From a theological perspective, there are three main positions presented in relation to unborn life as human life. One is the absolutist position which argues that human life begins at the moment of conception. Although some individual Anglicans may hold this view, it is neither taught by the Anglican Church nor are members required to hold this view. At the other extreme is the pro-choice perspective that says women can do what they like with their own bodies. Our consensus view is the gradualist position which argues that while the embryo/foetus is fully human from the time of conception, it accrues moral significance and value as it develops.

While we believe that the destruction even of an early embryo is of moral significance, we believe the moral significance increases with the age and development of the foetus. The significance increases gradually over time, in parallel with its physical development. As a pregnancy advances, more powerful moral reasons are required to allow the destruction of the embryo/foetus. It is more serious to consider destroying a foetus at 28 weeks than at 10 weeks. We would want to see this distinction noted in any legislative provisions, though we would counsel against a legislated absolutist end-point after which an abortion could not proceed.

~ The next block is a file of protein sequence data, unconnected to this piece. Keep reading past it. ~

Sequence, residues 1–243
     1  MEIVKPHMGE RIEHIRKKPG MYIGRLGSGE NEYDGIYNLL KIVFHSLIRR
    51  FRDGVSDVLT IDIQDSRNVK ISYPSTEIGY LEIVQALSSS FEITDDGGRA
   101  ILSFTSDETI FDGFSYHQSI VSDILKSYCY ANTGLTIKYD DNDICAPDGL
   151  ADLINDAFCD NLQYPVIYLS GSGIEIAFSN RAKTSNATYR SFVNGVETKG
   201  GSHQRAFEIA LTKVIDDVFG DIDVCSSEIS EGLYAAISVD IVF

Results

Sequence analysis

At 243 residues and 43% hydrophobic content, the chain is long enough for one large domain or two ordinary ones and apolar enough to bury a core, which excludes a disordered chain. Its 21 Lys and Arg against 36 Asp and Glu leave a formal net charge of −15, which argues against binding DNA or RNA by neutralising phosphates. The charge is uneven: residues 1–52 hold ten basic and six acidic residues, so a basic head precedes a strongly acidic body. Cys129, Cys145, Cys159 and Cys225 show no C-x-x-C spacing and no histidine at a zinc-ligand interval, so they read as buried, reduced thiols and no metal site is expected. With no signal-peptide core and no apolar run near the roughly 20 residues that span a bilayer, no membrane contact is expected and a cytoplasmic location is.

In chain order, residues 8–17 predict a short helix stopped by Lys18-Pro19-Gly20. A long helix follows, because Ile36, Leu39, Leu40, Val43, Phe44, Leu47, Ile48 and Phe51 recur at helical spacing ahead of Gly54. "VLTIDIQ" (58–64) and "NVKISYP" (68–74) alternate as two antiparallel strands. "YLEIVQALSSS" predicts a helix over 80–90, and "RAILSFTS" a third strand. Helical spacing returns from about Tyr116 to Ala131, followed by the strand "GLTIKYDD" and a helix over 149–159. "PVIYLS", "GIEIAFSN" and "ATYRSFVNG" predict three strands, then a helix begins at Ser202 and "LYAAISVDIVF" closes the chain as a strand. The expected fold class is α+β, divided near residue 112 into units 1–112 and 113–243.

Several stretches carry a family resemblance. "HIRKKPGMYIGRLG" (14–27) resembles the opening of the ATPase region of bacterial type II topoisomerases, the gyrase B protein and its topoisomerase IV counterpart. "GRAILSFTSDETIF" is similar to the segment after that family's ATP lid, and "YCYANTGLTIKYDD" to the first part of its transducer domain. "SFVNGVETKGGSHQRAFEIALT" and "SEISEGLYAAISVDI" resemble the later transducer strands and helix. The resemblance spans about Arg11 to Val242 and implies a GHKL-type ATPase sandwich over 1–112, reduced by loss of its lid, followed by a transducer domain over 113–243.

The panel accepted that if a practitioner refuses to perform or assist in termination of pregnancy, they should be required to refer the woman to someone who does. They also asserted the necessity for increased availability of contraception, with attention paid not just to information and education but also to affordability.

Yes, I’m picking out the good bits, because I’m feeling positive today. There are bits in the submission that set my pro-choice teeth on edge, but I’ll leave you to discover them for yourself. The full text of the submission can be downloaded from the Diocese website.